As I See It text
A new industry workforce
Oilfield jobs have taken a stunning hit, but the drive toward digitalization and a low-carbon future will create new opportunities for the industry’s workers.
A new industry workforce
(Source: kentoh/Shutterstock.com)
A new industry workforce
(Source: kentoh/Shutterstock.com)
A new industry workforce
Oilfield jobs have taken a stunning hit, but the drive toward digitalization and a low-carbon future will create new opportunities for the industry’s workers.
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y any measure, and by any lens through which it is viewed, the number of job losses in the oil and gas industry has been staggering. According to a recent report by the Petroleum Equipment and Services Association (PESA), layoffs in the oilfield services (OFS) sector linked to pandemic-related demand destruction hit more than 103,000 in August. Producers have laid off tens of thousands more. Texas, the country’s leading oil producer, has been hit the hardest with some 50,000 job losses, more than the next six states with the most layoffs combined.

If there is good news to be found in all of this, it is that the industry layoffs are beginning to plateau. Between January and May, the OFS sector saw nearly 85,000 layoffs. But from May to August, the sector has seen just under 20,000 job losses, according to PESA.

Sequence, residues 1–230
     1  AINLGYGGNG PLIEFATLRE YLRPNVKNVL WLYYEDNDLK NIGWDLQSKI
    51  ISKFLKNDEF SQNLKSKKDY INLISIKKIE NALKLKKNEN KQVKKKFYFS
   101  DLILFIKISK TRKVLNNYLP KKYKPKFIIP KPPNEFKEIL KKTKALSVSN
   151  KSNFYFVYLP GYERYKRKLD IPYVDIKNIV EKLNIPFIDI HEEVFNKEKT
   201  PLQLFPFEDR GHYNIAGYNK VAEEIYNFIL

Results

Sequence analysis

There is, of course, optimism for 2021. The hope of a vaccine and an expected increase in global energy demand mean that many jobs could return next year. But what will those jobs look like? In many ways, the jobs that were lost might not be the same ones that return.

PESA President Leslie Beyer said as a result of an emerging reliance on remote operations, artificial intelligence and digitalization, there will be a “new-looking workforce in oilfield services.”

“We’ll be looking for a little bit different kind of person, one that has the skills to work in data and automation,” she said.

Although it might not be a priority now, technologies that enable the energy transition are going to play an increasingly significant role in energy company operations while offering new job growth opportunities.

“As you see more people talking about the energy transition and reducing their environmental footprint, it’s a bright spot for oilfield services because we develop the technologies that are going to achieve that,” Beyer said.

The macro-evolution of the oil and gas industry is quite easy to recognize—from what are now considered crude tools in the early 20th century to today when entire drilling operations are conducted by computers and robots. And up until just a few years ago, the micro-evolutions were, if not hard to spot, practically nonexistent. For many years, the practices of drilling, completing and producing a well, with notable exceptions, largely remained unchanged. What worked before still worked, and there was just no good reason to change.

But thanks to COVID-19, the evolutionary accelerator has now been pushed to the floor. Of course, there will still be jobs in the field—rig platforms will still need rig hands. But years from now we may look back on this summer and see that the oil and gas industry shed its skin, emerging anew.

Brian Walzel Signiture
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Brian Walzel
Technologies that enable the energy transition are going to play an increasingly significant role in energy company operations while offering new job growth opportunities.
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